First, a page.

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How to Tackle a Mix That Has a Huge Arrangement


If you’re reading this, you’re one of two things:

  1. You love mixing so much you can’t get enough about talking about it (like me).
  2. You want to love mixing but you’re still trying to figure it out.

Out of everything we do as audio engineers, mixing is my favorite.

It’s where we get to take all these recorded tracks and make them sound awesome.

But….sometimes you might go overboard during the recording process.

When you look at your DAW and there are 50+ tracks in the arrangement, the feeling of overwhelm sinks in.

Sometimes that’s the truth of the situation. Sometimes a production needs all of those tracks, and it’s understandable to get a little freaked out because you don’t know where to start.

But what I’m about to tell you will make it easier for you to get rid of that mental block and start mixing.

Break It Down Into Its Elements

Imagine you have a song with about 60 recorded tracks.

For someone not experienced with mixing it might make you hyperventilate a bit, but once you look closely at the tracks you realize that there are only four groups of instruments:

  • Drums and percussion
  • Guitars (including bass)
  • Keys and other synths
  • Vocals

Even with close to 60 tracks, that’s really what you’re balancing together in your mix.

So breathe, don’t worry about the enormity of the session. Once you’ve broken the mix down into a handful of different elements your perspective on the session will change.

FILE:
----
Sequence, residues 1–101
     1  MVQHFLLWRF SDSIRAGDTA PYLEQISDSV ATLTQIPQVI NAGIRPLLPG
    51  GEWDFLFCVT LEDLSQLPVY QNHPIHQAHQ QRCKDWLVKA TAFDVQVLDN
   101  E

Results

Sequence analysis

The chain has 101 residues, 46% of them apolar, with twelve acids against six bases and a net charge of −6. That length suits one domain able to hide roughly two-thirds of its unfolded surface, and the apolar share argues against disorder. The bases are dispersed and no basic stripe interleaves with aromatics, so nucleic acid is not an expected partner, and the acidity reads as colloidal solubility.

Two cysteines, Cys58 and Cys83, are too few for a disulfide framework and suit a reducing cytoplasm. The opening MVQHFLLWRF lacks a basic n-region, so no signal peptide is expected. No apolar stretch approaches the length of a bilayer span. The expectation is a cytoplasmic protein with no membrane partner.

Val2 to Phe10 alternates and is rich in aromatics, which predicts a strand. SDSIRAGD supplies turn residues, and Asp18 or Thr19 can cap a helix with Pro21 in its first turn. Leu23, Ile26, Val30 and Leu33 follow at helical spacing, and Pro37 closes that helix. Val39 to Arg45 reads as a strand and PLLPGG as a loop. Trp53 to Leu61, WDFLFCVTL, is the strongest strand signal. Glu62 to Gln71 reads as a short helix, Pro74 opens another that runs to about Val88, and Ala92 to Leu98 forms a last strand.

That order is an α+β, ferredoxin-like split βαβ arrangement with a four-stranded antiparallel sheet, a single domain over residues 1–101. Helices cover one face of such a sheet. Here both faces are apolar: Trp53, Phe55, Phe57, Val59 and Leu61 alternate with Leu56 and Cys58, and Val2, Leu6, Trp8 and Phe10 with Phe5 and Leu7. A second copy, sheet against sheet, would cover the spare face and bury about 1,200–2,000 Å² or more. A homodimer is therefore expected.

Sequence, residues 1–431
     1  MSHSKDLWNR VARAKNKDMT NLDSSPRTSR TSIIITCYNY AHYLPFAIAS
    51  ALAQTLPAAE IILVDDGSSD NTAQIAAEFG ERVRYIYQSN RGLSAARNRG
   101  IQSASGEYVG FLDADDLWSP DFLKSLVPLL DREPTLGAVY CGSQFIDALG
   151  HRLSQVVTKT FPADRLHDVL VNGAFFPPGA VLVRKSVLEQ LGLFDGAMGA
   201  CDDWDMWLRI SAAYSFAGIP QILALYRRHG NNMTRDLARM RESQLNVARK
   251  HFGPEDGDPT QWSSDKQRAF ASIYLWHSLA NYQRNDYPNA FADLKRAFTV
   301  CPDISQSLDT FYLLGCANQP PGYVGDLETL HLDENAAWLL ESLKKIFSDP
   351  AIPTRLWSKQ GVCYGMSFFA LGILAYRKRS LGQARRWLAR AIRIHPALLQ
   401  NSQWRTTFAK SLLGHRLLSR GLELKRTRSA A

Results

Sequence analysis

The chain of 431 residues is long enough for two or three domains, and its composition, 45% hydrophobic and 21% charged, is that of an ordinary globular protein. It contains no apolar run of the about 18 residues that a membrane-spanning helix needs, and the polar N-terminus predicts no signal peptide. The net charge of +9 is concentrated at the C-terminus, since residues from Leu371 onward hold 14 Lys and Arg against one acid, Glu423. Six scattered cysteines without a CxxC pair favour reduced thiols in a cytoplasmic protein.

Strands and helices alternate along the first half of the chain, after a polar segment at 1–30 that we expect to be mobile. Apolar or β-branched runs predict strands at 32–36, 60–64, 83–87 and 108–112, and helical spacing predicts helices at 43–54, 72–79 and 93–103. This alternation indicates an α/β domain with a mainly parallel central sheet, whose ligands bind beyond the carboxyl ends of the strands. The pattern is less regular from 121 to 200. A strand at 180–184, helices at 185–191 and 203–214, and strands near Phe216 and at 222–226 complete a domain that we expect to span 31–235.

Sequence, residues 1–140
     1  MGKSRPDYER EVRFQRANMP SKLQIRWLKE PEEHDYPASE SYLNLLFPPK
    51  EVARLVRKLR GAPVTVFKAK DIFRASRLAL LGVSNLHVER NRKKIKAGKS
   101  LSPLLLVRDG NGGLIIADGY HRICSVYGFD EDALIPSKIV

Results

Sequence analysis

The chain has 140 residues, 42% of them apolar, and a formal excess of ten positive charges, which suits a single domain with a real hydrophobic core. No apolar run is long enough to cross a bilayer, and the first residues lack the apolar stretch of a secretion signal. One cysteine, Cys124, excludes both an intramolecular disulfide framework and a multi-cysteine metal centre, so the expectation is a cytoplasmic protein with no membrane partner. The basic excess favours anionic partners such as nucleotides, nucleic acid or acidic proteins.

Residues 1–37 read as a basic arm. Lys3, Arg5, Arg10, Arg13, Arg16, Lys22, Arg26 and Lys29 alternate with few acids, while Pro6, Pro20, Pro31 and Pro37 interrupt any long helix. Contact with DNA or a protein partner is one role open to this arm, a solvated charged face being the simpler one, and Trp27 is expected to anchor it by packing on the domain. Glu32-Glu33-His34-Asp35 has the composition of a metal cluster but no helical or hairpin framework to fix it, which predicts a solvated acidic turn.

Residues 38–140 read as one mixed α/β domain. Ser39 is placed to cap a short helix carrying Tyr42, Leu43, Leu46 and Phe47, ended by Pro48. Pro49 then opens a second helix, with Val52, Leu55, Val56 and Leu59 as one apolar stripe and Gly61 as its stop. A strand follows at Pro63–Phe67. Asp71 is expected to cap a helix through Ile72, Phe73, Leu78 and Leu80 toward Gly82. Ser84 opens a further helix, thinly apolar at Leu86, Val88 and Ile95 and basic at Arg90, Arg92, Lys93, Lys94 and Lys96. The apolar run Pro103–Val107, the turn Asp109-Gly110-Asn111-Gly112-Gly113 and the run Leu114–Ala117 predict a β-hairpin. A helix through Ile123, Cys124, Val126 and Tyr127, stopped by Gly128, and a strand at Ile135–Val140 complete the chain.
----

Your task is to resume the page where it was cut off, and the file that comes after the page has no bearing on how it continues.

Simplify With Routing

Once you’ve drilled the session down into their respective elements, you can simplify it even further.

The drum tracks might be overwhelming, even on their own.

  • Two kick drum tracks
  • Top and bottom snare tracks
  • 4 toms
  • Overheads and room mics

But luckily you can simplify further by combining things into busses.

  • Combine the kicks into one bus
  • Combine the snare into one bus
  • Combine the toms into one bus
  • Combine overhead and room mics into one bus

That simplifies your 12 drum tracks into 4 tracks you can play with.

You’ve cut your hyperventilating down 66%!

Of course, make sure you balance each track into the bus before so that you have control over the sound that you want, but if you do it in stages and one track at a time you’ll end up with a session that’s much easier to handle.

What About All the Fancy Overdubs?

So now you have those foundational elements locked down.

But then you’ll also have solos or lead fills here and there that only play for a limited time during the song as “sweetening.”

Sometimes these tracks can make up a good chunk of your session so it might seem like there are a lot of tracks but there’s actually not that much going on most of the time.

It’s a good idea to calm your brain down by completely ignoring these instruments until it’s time to mix them in with everything else.

Usually, you can group and process those tracks together fairly quickly so worrying about them is pointless when you should be focusing on the mix as a whole.